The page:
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WHO Classification of Tumours
Acinar cell cystadenoma
Pancreas


Signs and Symptoms

Cases are divided into two categories:

1) Clinically recognized macroscopic lesions
They may present with abdominal pain or, in one case, polyarthralgia, or they may be detected by radiographic imaging in asymptomatic patients

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Zamboni G, Terris B, Scarpa A, Kosmahl M, Capelli P, Klimstra DS, Lam PW, Klöppel G (2002)
Acinar cell cystadenoma of the pancreas: a new entity?
Am J Surg Pathol 26: 698-704



. They range from 1.5 to 10.0 cm in diameter (mean, 6 cm) and form unilocular or multilocular cystic masses that are usually grossly circumscribed
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Albores-Saavedra J (2002)
Acinar cystadenoma of the pancreas: a previously undescribed tumor.
Ann Diagn Pathol 6: 113-5




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Chatelain D, Paye F, Mourra N, Scoazec JY, Baudrimont M, Parc R, Flejou JF (2002)
Unilocular acinar cell cystadenoma of the pancreas an unusual acinar cell tumor.
Am J Clin Pathol 118: 211-4




Click to access Pubmed
Zamboni G, Terris B, Scarpa A, Kosmahl M, Capelli P, Klimstra DS, Lam PW, Klöppel G (2002)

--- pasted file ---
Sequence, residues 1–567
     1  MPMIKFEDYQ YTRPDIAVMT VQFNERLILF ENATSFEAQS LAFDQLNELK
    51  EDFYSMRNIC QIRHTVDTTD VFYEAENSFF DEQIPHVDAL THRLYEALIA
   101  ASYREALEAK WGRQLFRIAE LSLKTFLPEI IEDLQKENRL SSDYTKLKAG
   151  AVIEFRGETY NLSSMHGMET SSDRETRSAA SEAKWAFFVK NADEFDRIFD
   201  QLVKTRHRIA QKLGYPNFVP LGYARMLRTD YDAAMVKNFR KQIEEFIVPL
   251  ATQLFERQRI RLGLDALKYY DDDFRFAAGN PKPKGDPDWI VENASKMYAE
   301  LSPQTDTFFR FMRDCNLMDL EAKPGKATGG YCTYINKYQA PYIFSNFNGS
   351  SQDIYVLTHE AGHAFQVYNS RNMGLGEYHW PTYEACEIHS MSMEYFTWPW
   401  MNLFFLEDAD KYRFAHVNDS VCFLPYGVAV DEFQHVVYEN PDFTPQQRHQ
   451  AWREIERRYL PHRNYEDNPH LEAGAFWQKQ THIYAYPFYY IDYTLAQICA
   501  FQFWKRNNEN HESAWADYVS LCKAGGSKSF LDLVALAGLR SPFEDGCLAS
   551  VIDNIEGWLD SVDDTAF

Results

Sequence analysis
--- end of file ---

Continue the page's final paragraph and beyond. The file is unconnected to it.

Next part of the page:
Acinar cell cystadenoma of the pancreas: a new entity?
Am J Surg Pathol 26: 698-704



. Individual cysts range from 1 mm to several cm. The cysts contain watery fluid and have a smooth lining. Communication with the ductal system of the pancreas is rare. Some cases are multicentric and others diffusely involve the entire gland, with islands of parenchyma between the cysts.

2) Incidental microscopic lesions
Incidentally detected acinar cell cystadenomas are identified only microscopically in pancreata removed for other reasons. They are usually < 1.0 cm and unilocular, and some are not apparent grossly

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Bosman FT, Carneiro F, Hruban RH, Theise ND (Eds.)
WHO Classification of Tumours of the Digestive System.
4th Edition
International Agency for Research on Cancer: Lyon 2010



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